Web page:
Scott Pilgrim Vs. the World Review for PlayStation 3 (PS3)

Updated Retro Scott Pilgrim style!

Making a retro-inspired game can be a treacherous business. Though people love reveling in the “good ‘ol days,” it is important in games like these to balance the nostalgia factor with an experience that still feels fresh. Few games achieve this balance, and I was surprised that a downloadable movie tie-in game would be the one to create a new experience that absolutely nails what a retro-inspired game should be.

Scott Pilgrim Vs. the World screenshot

The game wastes no time pulling you into the world of Scott Pilgrim and introduces the game’s simple storyline with a second cutscene. You see Scott fall in love with Ramona and then BAM, seven evil exes enter the picture. The game’s setup is blissfully simple, and you won’t find much here in the way of storyline. In fact, there is no dialogue in the game, and character’s feelings are expressed via emoticons that appear above their heads when something dramatic is going on.

Scott Pilgrim’s format takes the form of a traditional side-scrolling beat ‘em up like Streets of Rage or Double Dragon. You can play as Scott Pilgrim, Ramona Flowers, Stephen Stills, or Kim Pine. Each character has their own attacks and special movies, and while there’s no real tactical difference between the characters, you’ll find your favorite rather quickly.

The combat system begins simply, with each character having four attacks: light, heavy, special, and summon. The light and heavy attacks can be combined to form combos, which deal extra damage to enemies without the cost of energy. The interesting thing about Scott Pilgrim, however, (and one of the things that gives users a “fresh” experience rather than just retro rehash) is the presence of a unique leveling system. Every enemy defeated contributes a certain amount of experience points to your character’s stats, which are only viewable from the Start menu as best as I can tell. After you reach a certain threshold, your character’s attack and defense will increase, and you will also gain access to new combo attacks.

Scott Pilgrim Vs. the World screenshot

The leveling system is used here to great effect, and when you are playing solo, it is a necessity to do some grinding in early levels to get your character to a point where he or she can take on the hordes of enemies that await in later chapters. However, if you are playing with more than one person, the leveling system becomes less of an issue. The game’s co-op system allows four local players (no online here, sorry) to play together on the same screen. The co-op is not drop-in, but you can add people from the main menu at any time. In addition, if one player has been making some progress, players can join a game already in progress. The only caveat here is that if the new players are starting off at level one, they won’t be able to jump in immediately and play without running into some serious trouble. Of course, you can always start a completely new game and start everyone off at stage and level one, but if you are just looking for some temporary help with one particularly difficult level, you may be disappointed.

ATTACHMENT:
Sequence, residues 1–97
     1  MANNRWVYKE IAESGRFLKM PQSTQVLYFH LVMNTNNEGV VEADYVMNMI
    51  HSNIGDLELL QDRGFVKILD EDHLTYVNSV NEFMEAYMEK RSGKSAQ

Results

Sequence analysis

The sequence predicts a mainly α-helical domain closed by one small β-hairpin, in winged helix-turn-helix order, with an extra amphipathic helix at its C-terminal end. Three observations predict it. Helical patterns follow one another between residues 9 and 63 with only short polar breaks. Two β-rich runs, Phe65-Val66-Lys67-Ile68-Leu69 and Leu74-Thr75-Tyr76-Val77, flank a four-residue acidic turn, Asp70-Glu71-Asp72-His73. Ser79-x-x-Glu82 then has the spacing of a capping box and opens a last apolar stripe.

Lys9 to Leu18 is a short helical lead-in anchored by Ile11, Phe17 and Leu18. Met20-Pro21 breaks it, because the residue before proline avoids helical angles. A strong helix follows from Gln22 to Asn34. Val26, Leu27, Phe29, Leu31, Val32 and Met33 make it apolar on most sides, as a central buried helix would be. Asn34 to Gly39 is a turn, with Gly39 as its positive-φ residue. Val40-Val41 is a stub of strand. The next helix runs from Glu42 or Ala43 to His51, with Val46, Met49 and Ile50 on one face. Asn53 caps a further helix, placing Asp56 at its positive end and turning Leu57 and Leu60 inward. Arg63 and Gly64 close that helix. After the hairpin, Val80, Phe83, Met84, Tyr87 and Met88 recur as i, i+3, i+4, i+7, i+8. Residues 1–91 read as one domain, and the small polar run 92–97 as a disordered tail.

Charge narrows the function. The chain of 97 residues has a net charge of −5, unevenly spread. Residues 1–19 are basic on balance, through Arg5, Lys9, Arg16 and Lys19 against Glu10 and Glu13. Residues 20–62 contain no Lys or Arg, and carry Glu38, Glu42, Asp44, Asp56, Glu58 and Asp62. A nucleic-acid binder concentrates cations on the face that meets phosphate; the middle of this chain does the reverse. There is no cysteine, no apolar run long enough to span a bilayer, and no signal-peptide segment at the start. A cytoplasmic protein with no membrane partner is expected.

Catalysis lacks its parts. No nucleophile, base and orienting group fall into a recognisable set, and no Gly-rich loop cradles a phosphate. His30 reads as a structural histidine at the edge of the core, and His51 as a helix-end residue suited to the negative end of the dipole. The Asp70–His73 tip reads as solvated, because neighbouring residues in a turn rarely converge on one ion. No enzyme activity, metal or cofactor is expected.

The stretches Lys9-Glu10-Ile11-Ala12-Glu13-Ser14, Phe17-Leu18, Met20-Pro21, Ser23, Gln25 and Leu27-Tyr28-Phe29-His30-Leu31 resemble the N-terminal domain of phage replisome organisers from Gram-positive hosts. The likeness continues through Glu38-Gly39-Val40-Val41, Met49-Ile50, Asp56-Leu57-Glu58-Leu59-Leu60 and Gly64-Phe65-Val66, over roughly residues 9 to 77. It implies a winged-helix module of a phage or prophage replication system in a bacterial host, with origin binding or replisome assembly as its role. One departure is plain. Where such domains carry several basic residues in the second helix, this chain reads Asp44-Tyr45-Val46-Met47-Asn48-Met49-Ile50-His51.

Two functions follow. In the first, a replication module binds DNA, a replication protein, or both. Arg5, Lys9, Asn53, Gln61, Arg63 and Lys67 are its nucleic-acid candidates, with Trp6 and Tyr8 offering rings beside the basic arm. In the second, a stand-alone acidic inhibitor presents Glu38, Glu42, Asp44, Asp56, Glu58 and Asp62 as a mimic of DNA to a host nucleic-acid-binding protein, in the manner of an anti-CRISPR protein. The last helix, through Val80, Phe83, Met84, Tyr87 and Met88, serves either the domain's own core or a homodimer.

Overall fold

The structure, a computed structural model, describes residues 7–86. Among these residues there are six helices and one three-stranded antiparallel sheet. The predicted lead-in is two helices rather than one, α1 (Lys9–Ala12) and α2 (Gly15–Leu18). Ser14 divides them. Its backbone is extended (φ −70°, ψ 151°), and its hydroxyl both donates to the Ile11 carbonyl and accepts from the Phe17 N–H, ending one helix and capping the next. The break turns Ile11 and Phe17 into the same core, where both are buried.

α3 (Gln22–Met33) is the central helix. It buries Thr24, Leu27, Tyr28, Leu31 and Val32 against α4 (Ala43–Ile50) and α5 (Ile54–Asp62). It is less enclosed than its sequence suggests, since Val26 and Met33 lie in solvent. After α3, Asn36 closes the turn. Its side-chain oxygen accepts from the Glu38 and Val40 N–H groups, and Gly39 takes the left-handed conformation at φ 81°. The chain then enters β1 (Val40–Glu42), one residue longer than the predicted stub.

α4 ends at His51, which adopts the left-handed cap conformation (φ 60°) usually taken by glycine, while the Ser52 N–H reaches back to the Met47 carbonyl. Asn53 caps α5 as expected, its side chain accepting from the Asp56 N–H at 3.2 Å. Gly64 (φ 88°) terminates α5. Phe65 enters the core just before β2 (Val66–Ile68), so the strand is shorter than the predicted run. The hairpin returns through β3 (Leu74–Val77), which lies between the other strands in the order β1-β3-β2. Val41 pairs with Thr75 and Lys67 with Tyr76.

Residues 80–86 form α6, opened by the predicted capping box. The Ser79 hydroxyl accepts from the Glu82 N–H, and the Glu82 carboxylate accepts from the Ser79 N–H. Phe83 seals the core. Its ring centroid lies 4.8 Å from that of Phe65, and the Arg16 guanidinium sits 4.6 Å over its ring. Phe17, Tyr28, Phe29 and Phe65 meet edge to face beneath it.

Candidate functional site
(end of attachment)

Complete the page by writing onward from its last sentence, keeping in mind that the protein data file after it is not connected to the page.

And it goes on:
Despite these few qualms about the co-op system, the game plays like a retro dream. Each level has its own particular visual scheme, with unique enemies and challenges. Environments range from a crowded concert hall with plenty of bar space to a bustling movie set plagued by camera-wielding paparazzi. The level design includes plenty of secret bonus areas that you can explore as well as destructible items that grant rewards. The game’s design also calls out several retro classics (you’ll see a Mario pipe right on the world map and one of the movie sets in the second level looks just like an old Indiana Jones game), and the game has plenty of secret unlockables that recall older titles as well (including Sonic the Hedgehog and Final Fantasy). Although none of these shout-outs are overt, savvy gamers will recognize the references easily, and discovering the game’s “Easter egg”-type references adds a whole new level to the game.